Pelican Books is the non-fiction imprint of Penguin Books. From 1938 to 1940, a few books within the series Penguin Specials (and thus given numbers starting with “S”) were given blue covers and labelled as Pelican Specials. These paperbacks were claimed by the publishers to be ‘books of topical importance published within as short a time as possible from the receipt of the manuscript. Some are reprints of famous books brought up-to-date, but usually they are entirely new books published for the first time. S16, which I finished reading this morning, is

Here is the frontispiece;

sample pages with drawings and texts;

and, in particular, the plates of the underwater pencil sketches. These were made on xylonite, a waterproof early plastic which would, when suitably prepared, take pencil.

The intense expression in this portrait of Robert Gibbings reveals the penetrating eye that provides his vision for detail; his evident power belies the delicacy of his hand. The strength required to manage his drawing in a fairly primitive helmet weighed down by lead piping to enable him to remain underwater is evident in the striking image.

Gibbings “was born in Cork in 1889 and educated in the snipe bogs and trout streams of Munster.” He attended the National University of Ireland, and in London the Slade School and the Central School of Arts and Crafts. During the first World War he served in Gallipoli and Salonica; in 1924 he took over the Golden Cockerel Press and ran it for nine years, producing books which will long remain some of the finest examples of English printing. It was largely through his efforts that the Society of Wood-engravers came into being. (From the jacket blurb).

This delightful little volume bears the author’s descriptive, poetic, prose; useful information about fish and coral reefs as they were 80 years ago. His eye for colour and form is evident throughout, and he brings an elegance of movement both to the drawings and to the wood engravings.

Originally published at 6d or 2.5p in today’s money, the book is so well made that it remains intact.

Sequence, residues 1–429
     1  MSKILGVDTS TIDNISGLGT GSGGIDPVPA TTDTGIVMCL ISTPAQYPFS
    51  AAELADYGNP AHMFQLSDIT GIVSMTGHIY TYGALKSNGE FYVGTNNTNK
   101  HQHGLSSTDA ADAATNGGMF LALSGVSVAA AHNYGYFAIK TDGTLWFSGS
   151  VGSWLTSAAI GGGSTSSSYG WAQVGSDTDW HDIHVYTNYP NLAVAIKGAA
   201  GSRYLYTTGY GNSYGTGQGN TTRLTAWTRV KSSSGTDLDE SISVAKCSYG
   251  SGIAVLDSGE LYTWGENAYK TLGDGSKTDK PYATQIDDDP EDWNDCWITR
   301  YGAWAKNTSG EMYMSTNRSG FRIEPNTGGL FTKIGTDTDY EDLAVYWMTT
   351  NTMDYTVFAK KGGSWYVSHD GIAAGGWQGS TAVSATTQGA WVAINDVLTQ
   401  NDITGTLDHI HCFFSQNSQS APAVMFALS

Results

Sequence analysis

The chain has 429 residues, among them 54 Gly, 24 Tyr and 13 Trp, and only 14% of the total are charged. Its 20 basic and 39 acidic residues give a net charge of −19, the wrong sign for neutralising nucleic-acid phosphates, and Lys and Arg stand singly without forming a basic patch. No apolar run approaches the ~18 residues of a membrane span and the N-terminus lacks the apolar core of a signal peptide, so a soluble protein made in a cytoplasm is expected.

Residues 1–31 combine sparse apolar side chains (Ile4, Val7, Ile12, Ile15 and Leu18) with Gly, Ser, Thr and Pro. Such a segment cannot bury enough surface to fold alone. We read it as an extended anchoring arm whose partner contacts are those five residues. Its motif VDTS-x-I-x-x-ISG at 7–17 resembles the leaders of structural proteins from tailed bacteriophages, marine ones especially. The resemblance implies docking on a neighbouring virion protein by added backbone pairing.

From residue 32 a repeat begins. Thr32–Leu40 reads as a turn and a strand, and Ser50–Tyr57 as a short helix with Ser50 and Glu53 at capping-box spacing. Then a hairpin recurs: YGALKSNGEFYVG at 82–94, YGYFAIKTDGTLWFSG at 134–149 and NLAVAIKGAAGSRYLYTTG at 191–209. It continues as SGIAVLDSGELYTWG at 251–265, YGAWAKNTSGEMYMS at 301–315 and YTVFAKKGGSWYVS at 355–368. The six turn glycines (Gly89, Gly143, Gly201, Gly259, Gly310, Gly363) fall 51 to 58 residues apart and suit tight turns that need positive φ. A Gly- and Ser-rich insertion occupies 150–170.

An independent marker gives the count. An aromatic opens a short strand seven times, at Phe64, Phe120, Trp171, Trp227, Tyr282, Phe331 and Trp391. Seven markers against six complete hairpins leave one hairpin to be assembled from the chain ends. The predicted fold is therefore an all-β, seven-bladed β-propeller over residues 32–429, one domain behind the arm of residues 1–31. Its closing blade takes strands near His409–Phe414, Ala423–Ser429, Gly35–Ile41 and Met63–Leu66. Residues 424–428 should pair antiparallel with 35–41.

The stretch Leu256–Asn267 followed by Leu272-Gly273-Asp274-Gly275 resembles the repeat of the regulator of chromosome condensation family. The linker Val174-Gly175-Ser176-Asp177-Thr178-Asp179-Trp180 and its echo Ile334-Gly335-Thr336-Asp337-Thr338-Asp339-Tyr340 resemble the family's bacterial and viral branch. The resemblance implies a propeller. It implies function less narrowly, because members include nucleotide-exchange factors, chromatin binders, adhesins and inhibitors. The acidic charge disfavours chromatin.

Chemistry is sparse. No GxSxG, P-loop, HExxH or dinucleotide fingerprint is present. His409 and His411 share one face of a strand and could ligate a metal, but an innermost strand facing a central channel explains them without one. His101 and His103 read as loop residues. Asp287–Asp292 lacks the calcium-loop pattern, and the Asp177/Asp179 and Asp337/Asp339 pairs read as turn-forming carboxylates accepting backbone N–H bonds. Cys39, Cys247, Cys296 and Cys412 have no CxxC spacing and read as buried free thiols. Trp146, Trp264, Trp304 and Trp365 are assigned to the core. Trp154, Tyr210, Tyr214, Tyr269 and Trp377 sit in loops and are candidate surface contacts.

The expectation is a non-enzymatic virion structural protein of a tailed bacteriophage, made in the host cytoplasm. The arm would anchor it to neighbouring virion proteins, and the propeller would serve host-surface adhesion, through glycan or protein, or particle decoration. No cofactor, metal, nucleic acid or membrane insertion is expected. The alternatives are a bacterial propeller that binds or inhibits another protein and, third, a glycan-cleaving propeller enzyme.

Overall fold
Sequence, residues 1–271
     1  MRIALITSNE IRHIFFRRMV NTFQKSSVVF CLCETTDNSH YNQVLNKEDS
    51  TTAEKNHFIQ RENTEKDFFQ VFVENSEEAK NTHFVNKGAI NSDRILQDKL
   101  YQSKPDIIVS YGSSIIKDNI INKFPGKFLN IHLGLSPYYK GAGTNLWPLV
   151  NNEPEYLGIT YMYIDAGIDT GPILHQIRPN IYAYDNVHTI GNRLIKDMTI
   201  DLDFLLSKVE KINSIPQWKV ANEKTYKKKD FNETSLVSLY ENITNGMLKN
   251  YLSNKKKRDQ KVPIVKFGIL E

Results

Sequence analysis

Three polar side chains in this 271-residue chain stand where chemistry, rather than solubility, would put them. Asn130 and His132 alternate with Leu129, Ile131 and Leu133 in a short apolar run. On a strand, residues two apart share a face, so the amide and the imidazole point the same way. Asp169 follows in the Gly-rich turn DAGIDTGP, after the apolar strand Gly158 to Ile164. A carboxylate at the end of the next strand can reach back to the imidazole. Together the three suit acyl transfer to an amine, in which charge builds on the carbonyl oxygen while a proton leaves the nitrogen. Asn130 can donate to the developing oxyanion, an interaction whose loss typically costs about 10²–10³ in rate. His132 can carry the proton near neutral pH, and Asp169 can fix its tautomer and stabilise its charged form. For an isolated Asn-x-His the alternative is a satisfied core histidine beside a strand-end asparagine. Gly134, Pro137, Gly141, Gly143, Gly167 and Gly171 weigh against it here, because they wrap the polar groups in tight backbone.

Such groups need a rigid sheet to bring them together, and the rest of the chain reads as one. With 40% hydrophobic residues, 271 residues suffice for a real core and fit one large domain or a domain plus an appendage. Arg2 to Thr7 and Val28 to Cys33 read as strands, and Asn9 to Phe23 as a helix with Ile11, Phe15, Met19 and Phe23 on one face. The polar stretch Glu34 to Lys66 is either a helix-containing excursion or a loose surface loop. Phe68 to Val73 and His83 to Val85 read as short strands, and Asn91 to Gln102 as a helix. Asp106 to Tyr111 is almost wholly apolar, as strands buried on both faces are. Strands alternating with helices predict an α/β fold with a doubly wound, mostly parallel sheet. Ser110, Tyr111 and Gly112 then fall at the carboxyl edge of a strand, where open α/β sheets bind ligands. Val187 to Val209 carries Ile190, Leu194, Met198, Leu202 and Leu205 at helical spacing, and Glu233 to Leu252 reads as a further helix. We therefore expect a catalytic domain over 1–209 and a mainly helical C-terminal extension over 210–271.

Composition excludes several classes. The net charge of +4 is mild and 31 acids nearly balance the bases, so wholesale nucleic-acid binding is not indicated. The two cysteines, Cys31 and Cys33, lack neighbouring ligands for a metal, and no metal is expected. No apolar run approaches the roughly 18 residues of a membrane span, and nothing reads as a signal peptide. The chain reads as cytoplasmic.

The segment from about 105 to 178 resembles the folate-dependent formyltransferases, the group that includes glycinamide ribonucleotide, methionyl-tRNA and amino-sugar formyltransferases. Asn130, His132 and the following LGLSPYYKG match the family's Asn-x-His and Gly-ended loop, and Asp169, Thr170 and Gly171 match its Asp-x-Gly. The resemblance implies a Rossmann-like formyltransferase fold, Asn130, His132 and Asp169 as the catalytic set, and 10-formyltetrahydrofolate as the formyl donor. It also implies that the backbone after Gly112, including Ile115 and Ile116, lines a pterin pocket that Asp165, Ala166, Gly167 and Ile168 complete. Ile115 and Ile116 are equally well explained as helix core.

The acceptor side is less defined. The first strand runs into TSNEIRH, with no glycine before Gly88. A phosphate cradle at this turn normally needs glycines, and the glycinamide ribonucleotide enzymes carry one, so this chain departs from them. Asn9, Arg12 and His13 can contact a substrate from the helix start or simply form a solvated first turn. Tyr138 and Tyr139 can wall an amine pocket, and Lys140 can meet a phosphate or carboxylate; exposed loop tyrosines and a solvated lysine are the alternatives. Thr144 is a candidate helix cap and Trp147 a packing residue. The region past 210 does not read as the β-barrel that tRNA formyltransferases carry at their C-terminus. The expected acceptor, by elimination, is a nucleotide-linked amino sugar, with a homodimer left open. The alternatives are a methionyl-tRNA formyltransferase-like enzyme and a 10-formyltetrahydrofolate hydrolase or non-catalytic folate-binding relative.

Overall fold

This evening Jackie will produce a roast chicken dinner. Before then Giles will collect me and drive me to the bird hide at Milford on Sea where I hope to photograph waterfowl. I will report on that tomorrow.

Reflections On Main Street

Comments from American friends on my recent post, ‘An Historic High Street’, have led me to reflect on our different terms for the main shopping streets in towns. The U.S. ‘main street’ is the U.K. ‘high street’. That of New Milton is Station Road, which I visited with Ian this morning as he needed to have a discussion at the Santander Bank.

When we left the bank, Ian left me at Fagan’s mens’ outfitters where I bought a jacket whilst my future son-in-law walked up to Costa Coffee where I joined him later.

En route from Fagan’s I photographed elements of this high street which could be no more different from that of Brockenhurst, only a handful of miles away.

Station Road 1

This first image demonstrates that earlier architecture has made way for that of the modern era. Sandwiched between a toyshop and the Halifax Building Society is the British Heart Foundation, on of the many charity shops which are taking over from so many defunct small outlets in our towns.

Boutique Charity Shop

That particular shop is reflected in the window of the Charity Boutique across the road. The Alliance Healthcare van speeding through the window display is a reflection of the gradual privatisation of our Health and Social Services.

NatWest Bank

Further up towards the eponymous station the NatWest bank stands at the corner of Ashley Road.

Station Road 2Station Road 3

On the opposite corner stands Boots Pharmacy. On the other side of Station Road is to be found Charles Nobel, one of several jewellers.

New Milton Lighting Centre

The New Milton Lighting Centre gives us Christmas decorations all the year round.

Station Road 4

The Hearing and Mobility Centre reflects the demography of the town and its environs, although Naomi House, a children’s hospice is a sad exception. Pets are a necessary addition to the local households, especially now their children have flown the nests. PamPurred Pets is quite a chain.

Flower Vogue

Flower Vogue has one of the few original shop fronts, and another jeweller alongside.


Morrisons is one of the supermarkets that has a presence here.

Morrisons 2

Satisfied customers are often to be seen outside waiting for a lift or having a fag. I think the fag in this picture was probably something else gripped in the lady’s teeth.

Coral Betting Shop

No self-respecting English high street is without its Betting Shop. This one is next to a greetings cards outlet.

Station Road 6

Although there is a cycle rack outside Morrisons, mobility scooters, like this one outside Boots Opticians, are as plentiful in the town. Acupuncture & Herbs, off-licences and money lenders offer different curative measures.

Barclays Bank

Barclays Bank was also visited by someone with a disability.

Station Road 7

Opposite Costa Coffee can be seen Scope, another charity shop, Lloyd’s Pharmacy and further hearing centre.

Station Road 8

A little further along we find the Lloyd’s Bank building, a rare survivor from the early twentieth century.

This evening Jackie provided a superb sausage casserole, mashed potatoes, steamed broccoli, carrots and Brussels sprouts, followed by apple crumble and cream. She drank Blanche de Namur, I drank more of the Sotillo, and Ian drank water.